The move to make flipping burgers and shoehorning fries into a lucrative career has been a national debate pitting hourly workers against the businesses that employ them. Granted, doubling the entry-level wage seems ideal for those struggling to survive. However, as more states and municipalities force the issue through legislation or ballot initiatives, the downside risk becomes increasingly, and painfully, obvious.
It’s a bite that the Big Apple is experiencing firsthand as the minimum wage increased 15% on Jan. 1, and employees who rely on tip wages to eke out a living are salving their dashed hopes of gaining ground because restaurant owners are slashing hours and, in many cases, abolishing hospitality positions altogether.
Well, that didn’t take long at all.
They Mean Well
The idea of using a baseline wage to overcome poverty is a noble, longstanding U.S. tradition, and it needs to die a quick death.
An increase in the minimum wage increases unemployment; there is no success when raising the mandated minimum price of labor above the productivity of lesser skilled workers. A recent report by the New York City Hospitality Alliance warns about the loss of wages and jobs. It interviewed 574 establishments — 324 full-service restaurants and 250 limited-service restaurants — and published the following results:
“76.50% of full service restaurant respondents reduced employee hours, and 36.30% eliminated jobs in 2018, in response to mandated wage increases. 75% of limited service restaurant respondents report that they will reduce employee hours, and 53.10% will eliminate jobs in 2019 as a result of mandated wage increases that took effect on December 31, 2018.”
A swing and a miss.
Meet Joe Bloostein, owner-operator of six New York City restaurants, who employs 50 to 110 service workers in each location and who is now on the defensive to keep the doors open. As Bloostein admits, “We lost control of our largest controllable expense. So in order to live with that and stay in business, we’re cutting hours.”
And he also raised menu prices and eliminated staff positions. “[It] will cost more to dine out, it’s not great for labor, it’s not great for the people who invest in or own restaurants, and it’s not great for the public.”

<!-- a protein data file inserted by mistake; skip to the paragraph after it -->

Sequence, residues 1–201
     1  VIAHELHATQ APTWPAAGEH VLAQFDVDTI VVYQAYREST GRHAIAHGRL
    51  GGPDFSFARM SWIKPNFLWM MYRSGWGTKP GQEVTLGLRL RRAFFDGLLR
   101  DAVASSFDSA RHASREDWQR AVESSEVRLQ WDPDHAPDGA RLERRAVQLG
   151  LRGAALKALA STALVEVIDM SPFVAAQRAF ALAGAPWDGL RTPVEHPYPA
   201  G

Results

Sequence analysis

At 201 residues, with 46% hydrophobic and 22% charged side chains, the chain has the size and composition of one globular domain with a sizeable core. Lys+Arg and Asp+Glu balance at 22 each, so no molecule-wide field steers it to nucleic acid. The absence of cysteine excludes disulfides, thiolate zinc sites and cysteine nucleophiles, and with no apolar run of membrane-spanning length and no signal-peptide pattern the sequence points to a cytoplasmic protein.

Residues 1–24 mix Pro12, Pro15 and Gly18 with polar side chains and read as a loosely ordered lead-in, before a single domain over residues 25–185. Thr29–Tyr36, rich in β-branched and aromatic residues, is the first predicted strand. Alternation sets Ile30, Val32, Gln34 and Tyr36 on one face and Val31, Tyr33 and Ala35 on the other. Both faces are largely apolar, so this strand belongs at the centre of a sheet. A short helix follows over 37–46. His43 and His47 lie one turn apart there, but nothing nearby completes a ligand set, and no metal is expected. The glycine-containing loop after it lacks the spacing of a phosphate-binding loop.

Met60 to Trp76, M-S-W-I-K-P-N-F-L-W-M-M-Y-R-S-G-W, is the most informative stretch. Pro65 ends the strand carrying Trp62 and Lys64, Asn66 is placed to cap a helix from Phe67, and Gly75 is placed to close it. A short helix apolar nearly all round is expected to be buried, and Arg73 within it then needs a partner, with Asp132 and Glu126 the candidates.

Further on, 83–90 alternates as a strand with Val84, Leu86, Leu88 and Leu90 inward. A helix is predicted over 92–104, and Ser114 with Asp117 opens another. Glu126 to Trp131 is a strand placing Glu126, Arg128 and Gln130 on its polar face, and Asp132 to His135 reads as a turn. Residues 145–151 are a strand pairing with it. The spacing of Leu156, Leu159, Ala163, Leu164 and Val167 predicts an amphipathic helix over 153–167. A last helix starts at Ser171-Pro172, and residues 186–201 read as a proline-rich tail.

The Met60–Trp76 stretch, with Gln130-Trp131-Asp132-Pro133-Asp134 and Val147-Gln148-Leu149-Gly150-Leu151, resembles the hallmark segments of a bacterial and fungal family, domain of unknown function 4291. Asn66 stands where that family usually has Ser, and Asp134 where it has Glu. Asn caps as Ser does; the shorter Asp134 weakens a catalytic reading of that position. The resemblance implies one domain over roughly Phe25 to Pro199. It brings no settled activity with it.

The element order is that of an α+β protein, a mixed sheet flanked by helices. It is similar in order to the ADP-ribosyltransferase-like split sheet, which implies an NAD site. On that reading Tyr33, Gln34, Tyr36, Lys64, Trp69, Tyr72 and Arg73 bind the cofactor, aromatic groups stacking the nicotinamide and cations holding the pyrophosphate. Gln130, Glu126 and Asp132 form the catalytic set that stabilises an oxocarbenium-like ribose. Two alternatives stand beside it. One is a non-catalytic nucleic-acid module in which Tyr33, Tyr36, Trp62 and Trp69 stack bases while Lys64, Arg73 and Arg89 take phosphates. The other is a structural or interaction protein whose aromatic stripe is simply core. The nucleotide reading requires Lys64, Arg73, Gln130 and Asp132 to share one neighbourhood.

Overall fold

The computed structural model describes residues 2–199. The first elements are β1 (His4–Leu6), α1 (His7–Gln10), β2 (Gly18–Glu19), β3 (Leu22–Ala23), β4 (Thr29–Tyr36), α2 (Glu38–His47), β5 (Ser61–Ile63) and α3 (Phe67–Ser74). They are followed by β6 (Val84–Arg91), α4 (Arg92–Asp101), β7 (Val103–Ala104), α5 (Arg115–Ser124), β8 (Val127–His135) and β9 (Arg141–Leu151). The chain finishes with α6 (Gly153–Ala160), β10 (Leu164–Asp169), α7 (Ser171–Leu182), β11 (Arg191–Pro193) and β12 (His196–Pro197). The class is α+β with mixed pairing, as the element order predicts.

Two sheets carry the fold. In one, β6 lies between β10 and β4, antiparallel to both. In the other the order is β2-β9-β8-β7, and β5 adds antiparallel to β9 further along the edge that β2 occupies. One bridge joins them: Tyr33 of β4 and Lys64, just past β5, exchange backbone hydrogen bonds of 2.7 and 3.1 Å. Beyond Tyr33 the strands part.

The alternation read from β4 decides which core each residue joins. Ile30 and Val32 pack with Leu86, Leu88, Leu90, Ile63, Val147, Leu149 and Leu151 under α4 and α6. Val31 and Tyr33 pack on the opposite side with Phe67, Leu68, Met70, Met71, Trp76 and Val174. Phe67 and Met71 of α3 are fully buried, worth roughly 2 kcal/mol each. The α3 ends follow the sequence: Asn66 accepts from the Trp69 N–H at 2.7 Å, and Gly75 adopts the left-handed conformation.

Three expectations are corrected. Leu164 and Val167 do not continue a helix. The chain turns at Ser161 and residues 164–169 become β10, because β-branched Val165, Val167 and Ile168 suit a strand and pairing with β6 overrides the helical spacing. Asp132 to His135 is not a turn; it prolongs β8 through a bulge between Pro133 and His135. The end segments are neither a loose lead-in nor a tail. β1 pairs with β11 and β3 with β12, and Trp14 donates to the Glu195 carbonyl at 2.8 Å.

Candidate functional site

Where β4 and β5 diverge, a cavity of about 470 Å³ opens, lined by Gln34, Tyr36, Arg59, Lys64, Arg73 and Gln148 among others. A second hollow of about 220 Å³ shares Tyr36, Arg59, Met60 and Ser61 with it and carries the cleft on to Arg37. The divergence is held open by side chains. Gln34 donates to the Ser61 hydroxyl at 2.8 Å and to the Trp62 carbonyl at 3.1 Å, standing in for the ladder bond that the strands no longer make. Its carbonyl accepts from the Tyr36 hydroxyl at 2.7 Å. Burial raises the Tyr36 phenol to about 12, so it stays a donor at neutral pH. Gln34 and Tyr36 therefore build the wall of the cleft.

Now patrons are greeted by a sign instead of a hostess, who is out looking for another job.
The Same Old Pandering
In 1987, believe it or not, The New York Times ran a scandalous headline, The Right Minimum Wage: $0.00, and opined:
“Raising the minimum wage by a substantial amount would price working poor people out of the job market. A far better way to help them would be to subsidize their wages or — better yet — help them acquire the skills needed to earn more on their own.”
Skilled labor isn’t a concept the present Democrats in Congress understand, either. In their pandering to appease the increasing vocal socialist demographic, they recently introduced legislation to raise the federal minimum wage to $15 an hour, a desperate political ploy to reinvent themselves as the party of the workingman. The Raise the Wage Act would hike the minimum wage to $15 per hour by 2024 through annual increases.
Another fly in the ointment to salve the wounded poor is that the value of a national baseline wage depends on where the employees live. Amazon has been widely lauded for its $15-an-hour minimum wage. But where will employees feel that extra dollar or two? Pew Research did the math for us:
“A $15 hourly wage yields $17.10 worth of purchasing power for a worker at Amazon’s Spartanburg, South Carolina, warehouse, for example, but only $13.57 for a worker at the warehouse in Kent, Washington, a Seattle suburb about 20 miles south of the company’s headquarters.”
It sounds positive until you understand what Amazon eliminated in order to accommodate the lower level salaries: stock options. An employee after two years of service would receive one share of the e-tailer’s stock, valued today at $1,671.31, and one share each year after. But Amazon traded that option for the instant gratification of a few extra dollars, even less after taxes, in each paycheck.
To What End?
In 2019, 22 states and the District of Columbia are incrementally increasing their baseline earnings. Yet economists have claimed over the years that the minimum wage only harms those it is intended to help. So why is there the constant low-frequency drumbeat to continue the practice? The answer is simple: politicians.
Famed economist Ludwig von Mises said it best when he mused about the matter in his 1962 masterpiece, The Ultimate Foundation of Economic Science: “No politician is any longer interested in the question whether a measure is fit to produce the ends aimed at. What alone counts for him is whether the majority of the voters favor or reject it.”